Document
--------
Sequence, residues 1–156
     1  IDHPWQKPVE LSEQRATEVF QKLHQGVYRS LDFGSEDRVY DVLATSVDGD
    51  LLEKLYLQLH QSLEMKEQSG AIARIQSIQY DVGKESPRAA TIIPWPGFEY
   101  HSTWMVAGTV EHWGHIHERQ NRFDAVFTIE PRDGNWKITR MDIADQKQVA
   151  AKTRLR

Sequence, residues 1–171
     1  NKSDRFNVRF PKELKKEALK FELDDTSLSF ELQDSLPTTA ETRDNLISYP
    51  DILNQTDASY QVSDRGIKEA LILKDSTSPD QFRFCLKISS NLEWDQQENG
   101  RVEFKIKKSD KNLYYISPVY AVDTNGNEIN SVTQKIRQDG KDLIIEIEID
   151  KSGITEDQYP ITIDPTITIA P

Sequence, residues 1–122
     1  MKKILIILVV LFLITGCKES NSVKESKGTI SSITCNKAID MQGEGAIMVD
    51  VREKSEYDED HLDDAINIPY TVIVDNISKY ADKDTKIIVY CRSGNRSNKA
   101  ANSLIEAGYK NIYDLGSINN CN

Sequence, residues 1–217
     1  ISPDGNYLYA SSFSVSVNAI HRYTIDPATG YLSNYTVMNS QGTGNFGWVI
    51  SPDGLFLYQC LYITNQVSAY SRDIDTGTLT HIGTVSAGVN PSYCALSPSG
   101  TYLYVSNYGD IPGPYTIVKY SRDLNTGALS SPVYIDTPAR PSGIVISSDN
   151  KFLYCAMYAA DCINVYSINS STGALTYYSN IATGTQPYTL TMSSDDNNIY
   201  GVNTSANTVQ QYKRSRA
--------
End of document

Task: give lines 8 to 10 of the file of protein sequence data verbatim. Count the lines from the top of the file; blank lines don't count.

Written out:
    51  DILNQTDASY QVSDRGIKEA LILKDSTSPD QFRFCLKISS NLEWDQQENG
   101  RVEFKIKKSD KNLYYISPVY AVDTNGNEIN SVTQKIRQDG KDLIIEIEID
   151  KSGITEDQYP ITIDPTITIA P